The big problem I see with our current system is that over the long-term (and perhaps not-so-long-term), it can’t continue to work, because the fossil fuels on which it depends are being depleted. Nearly all of the things (wind-generated electricity, solar PV, electric vehicles, fuels from algae) we are thinking about now are simply add-ons to the current system. Once the current system stops working, the additions will be of little benefit. Even something that looks resilient, like solar PV, stops working once there are no more light bulbs available for it to light up, and once back-up batteries are no longer available.

What we need: A new resilient system, that doesn’t depend on fossil fuels

We clearly will eventually need a new plan, but we haven’t even given a thought to what it might be. It is relatively easy to come up with a proposed component of the plan, but even this may not work out in practice.

For example, one can develop a plan for growing crops in an area that requires soil amendments to be brought in from some distance. Even though these amendments are “organic,” the fact that they must be transported some distance is likely to make the system not sustainable, without substantial fuel inputs.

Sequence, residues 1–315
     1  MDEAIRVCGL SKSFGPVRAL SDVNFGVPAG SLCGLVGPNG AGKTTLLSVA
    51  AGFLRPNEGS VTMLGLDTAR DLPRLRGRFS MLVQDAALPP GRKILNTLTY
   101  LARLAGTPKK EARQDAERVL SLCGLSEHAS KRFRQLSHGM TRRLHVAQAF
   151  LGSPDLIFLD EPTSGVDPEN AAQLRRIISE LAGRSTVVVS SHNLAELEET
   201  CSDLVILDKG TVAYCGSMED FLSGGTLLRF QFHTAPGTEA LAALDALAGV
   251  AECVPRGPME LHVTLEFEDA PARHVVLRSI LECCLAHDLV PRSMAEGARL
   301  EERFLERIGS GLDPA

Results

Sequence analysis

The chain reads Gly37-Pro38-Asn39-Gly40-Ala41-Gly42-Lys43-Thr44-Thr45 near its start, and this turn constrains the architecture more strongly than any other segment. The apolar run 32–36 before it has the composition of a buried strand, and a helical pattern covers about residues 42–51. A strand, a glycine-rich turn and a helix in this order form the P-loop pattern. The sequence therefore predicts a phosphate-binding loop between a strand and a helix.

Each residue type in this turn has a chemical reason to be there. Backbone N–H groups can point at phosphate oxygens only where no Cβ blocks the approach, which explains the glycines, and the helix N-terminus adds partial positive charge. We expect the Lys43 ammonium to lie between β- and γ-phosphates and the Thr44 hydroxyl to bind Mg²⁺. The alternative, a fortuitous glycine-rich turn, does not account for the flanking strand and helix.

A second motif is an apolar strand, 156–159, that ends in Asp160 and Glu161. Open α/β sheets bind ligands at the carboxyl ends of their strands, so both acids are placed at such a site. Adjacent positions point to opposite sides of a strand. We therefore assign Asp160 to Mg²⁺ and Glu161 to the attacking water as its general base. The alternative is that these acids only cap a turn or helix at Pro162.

As another example, I saw a plan developed by graduate students showing how we might build sustainable 1,600 square foot homes out of local materials. I would have a number of questions: How much labor will it require to build (and frequently rebuild) such homes? Will this be too much for a new poorer society? Will it be possible to heat such a large home, or should we be aiming for smaller homes?

We do have examples of societies that “worked” in the past, with virtually no fossil fuel inputs. In fact, if we look around the globe, some of these might be quite recent. It seems to me that we need to be studying some of these in more detail, to see if we can figure out what might work going forward. For example, quite a few of these used animal power, both for plowing fields and for transporting goods. If we were to start adding more animal power, what would this imply for land use? How did past societies deal with the need for shelter for themselves and their animals? How did they handle making clothing, and manufacturing household goods?

Societies don’t just spring to life. They evolve. That is a big reason our current situation is so difficult. We are trying to model the future based what we have now, but our current model is very much tied to our current fossil fuel use. It is hard to imagine that our system will work for the long term.